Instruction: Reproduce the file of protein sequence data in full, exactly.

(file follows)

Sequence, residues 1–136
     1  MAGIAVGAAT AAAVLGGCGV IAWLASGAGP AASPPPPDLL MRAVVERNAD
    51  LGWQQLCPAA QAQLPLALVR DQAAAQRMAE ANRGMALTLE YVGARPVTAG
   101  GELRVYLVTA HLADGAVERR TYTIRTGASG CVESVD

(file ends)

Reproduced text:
Sequence, residues 1–136
     1  MAGIAVGAAT AAAVLGGCGV IAWLASGAGP AASPPPPDLL MRAVVERNAD
    51  LGWQQLCPAA QAQLPLALVR DQAAAQRMAE ANRGMALTLE YVGARPVTAG
   101  GELRVYLVTA HLADGAVERR TYTIRTGASG CVESVD